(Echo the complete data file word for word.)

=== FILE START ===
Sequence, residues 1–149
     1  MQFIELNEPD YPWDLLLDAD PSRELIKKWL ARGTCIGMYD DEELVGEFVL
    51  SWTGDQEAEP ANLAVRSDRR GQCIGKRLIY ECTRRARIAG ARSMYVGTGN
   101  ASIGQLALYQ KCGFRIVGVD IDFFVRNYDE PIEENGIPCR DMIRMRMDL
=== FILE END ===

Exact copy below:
Sequence, residues 1–149
     1  MQFIELNEPD YPWDLLLDAD PSRELIKKWL ARGTCIGMYD DEELVGEFVL
    51  SWTGDQEAEP ANLAVRSDRR GQCIGKRLIY ECTRRARIAG ARSMYVGTGN
   101  ASIGQLALYQ KCGFRIVGVD IDFFVRNYDE PIEENGIPCR DMIRMRMDL